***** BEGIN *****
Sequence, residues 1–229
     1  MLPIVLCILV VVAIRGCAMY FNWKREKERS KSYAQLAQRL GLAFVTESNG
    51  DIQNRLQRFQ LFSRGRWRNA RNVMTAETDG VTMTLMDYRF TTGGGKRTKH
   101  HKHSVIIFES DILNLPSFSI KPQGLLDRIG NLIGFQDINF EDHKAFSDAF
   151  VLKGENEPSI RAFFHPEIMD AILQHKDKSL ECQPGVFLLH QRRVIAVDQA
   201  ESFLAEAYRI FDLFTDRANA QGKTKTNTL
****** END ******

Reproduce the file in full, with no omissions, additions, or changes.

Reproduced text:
Sequence, residues 1–229
     1  MLPIVLCILV VVAIRGCAMY FNWKREKERS KSYAQLAQRL GLAFVTESNG
    51  DIQNRLQRFQ LFSRGRWRNA RNVMTAETDG VTMTLMDYRF TTGGGKRTKH
   101  HKHSVIIFES DILNLPSFSI KPQGLLDRIG NLIGFQDINF EDHKAFSDAF
   151  VLKGENEPSI RAFFHPEIMD AILQHKDKSL ECQPGVFLLH QRRVIAVDQA
   201  ESFLAEAYRI FDLFTDRANA QGKTKTNTL